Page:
One of the things a lot of people want to know is just who these scientists are in the first place. So in the next few days I'm going to introduce you to some of them. We probably won't get to everyone - there are 25 scientists on board and only 10 days left of the cruise - but
I'll try to cover as many as I can.
We're going to start with what are called "PI's" or "Principal Investigators." Basically that means they're in charge. A PI has his or her own lab, and oversees all the different experiments going on. There are six PI's represented on the boat, and five of them are on board. So we'll start there.
First up: Kay Bidle, Chief Scientist.
Every cruise has someone who's in charge of the whole science team - the chief scientist. On this cruise that's Kay Bidle. Kay works at Rutgers University, in New Jersey, at the Institute of Marine and Coastal Sciences, where he spends his days trying to figure out what makes Ehux tick.
As the chief scientist, Kay's role on this cruise is unique. He's not doing a ton of experiments himself (although he's got a lot of post-docs and graduate students here with him who are) but instead his role is to coordinate the scientists on board, communicate the plan to the crew, and oversee everybody's mental wellbeing. Which means a lot of planning, a lot of looking at Google Earth, and a lot of walking around the lab asking how everything is going.
I sit next to Kay's station in the main lab, which means I see him constantly field questions from everyone on board, from his graduate students, to the other PI's, to the captain and crew. "Where are we?" "Where are we going?" "When is the net trap going out?" "Who hasn't returned their bottles?" "Why is the coffee machine broken?" He's up past midnight pouring over satellite images and planning the next day's schedule, and then up again at 5am for the first CTD of the day. When someone doesn't get what they want, they go to Kay. When something is broken, they go to Kay. When someone is confused, they go to Kay.
Luckily, Kay's pretty well suited for all this. If you had to, you'd probably guess that he's from Southern California; something about the easy smile, the longboard, and the way he draws out the word "yeahhhhhh." And he did go to graduate school in San Diego, at the Scripps Institute of Oceanography. But his roots are in Maryland, outside of Annapolis, where he spent a lot of his time in the Chesapeake Bay sailing, fishing and exploring. From there, oceanography was an obvious choice.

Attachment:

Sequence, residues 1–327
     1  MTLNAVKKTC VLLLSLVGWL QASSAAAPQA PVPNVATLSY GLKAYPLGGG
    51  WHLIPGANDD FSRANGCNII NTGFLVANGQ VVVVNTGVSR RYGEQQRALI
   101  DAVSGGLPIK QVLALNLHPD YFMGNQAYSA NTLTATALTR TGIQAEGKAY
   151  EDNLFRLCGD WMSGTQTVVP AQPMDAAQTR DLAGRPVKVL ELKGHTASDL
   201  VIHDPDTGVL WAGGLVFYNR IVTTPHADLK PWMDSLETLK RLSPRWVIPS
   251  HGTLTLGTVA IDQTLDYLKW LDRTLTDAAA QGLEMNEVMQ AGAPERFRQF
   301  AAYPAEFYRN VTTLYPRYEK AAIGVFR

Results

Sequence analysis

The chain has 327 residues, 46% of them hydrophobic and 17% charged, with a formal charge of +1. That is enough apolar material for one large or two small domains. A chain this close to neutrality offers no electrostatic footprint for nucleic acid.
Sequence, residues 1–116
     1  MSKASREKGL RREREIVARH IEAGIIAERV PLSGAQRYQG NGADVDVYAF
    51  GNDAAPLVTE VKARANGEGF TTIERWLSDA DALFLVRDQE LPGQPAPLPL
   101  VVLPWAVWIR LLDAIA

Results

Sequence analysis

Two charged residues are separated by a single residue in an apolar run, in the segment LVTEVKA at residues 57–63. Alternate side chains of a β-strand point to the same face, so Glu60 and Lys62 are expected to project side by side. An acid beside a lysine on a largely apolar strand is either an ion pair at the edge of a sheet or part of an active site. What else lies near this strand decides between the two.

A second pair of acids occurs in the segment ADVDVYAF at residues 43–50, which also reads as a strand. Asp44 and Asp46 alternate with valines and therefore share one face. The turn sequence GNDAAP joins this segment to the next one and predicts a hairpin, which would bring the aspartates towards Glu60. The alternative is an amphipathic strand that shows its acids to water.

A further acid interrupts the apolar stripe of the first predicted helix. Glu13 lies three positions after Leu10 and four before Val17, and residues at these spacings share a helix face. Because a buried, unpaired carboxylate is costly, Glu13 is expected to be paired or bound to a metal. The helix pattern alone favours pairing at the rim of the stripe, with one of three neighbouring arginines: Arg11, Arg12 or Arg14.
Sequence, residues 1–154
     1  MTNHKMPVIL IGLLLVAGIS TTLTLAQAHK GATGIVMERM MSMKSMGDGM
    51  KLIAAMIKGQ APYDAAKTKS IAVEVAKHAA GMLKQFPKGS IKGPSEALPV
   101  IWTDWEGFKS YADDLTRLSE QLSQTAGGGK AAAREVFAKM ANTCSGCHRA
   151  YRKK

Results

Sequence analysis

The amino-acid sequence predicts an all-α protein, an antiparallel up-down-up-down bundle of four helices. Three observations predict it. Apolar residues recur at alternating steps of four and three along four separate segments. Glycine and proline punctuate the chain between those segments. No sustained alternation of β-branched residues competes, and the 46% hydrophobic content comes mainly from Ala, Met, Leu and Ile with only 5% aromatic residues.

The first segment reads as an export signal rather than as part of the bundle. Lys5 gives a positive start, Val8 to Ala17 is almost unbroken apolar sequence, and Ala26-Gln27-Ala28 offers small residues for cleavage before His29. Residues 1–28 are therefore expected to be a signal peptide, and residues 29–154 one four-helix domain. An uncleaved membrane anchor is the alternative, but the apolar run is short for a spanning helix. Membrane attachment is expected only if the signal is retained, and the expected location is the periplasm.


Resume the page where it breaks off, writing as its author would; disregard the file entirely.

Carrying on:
In San Diego, what got Kay interested in Ehux first was this question of programmed cell death that we talked about in an earlier post. They saw that Ehux, a single celled organism, would go through programmed cell death - basically cellular suicide - to keep the virus from growing. But why would a single celled organism just suddenly kill itself? We know that social organisms express altruism to save their family's genes, but single celled organisms don't have family. Once they day, that's it, it's a genetic dead end. So the fact that Ehux killed itself didn't seem to make any sense, unless it was considering the greater good of something.
Since then, Kay's team have figured out a whole lot more about Ehux. They're starting to understand how the cells might know when they're infected, and how the virus might try to hijack the cell. They've got intriguing results about ways in which the coccolithophore might hide itself from the virus, and how it might signal viral infection to other coccolithophores in the area. (More on that in an earlier post). On board, they're looking at the effects of different enzymes and gasses in the process.
I think of this cruise kind of like a big machine, with a main question at its center, and auxiliary research like gears all around that question. It moves together, rotating around the biology and ecology of Ehux. Connected are questions about the virus, its role in infecting the cells, how it might effect the transport of nutrients into the deep ocean and how it might be changing genetically. As are questions about the chemistry involved in the system, and the types of molecules that the cells might be using as signals. There are questions about the air surrounding a bloom, and how coccolithophores might affect cloud cover. Keeping all that straight, and the gears moving together without a jam, isn't easy but that's Kay's job.
To do it, he drinks a lot of coffee.
Tomorrow we'll meet Jack DiTullio
During this trip, I’ll be answering your questions about the science, this ship, and life onboard. Want to know how we search for plankton, why we’re here, or what the food is like? Just ask me! And if you’re wondering how I got here, check out the groups that made this adventure possible: Mind Open Media and COSEE NOW.
Previously in this series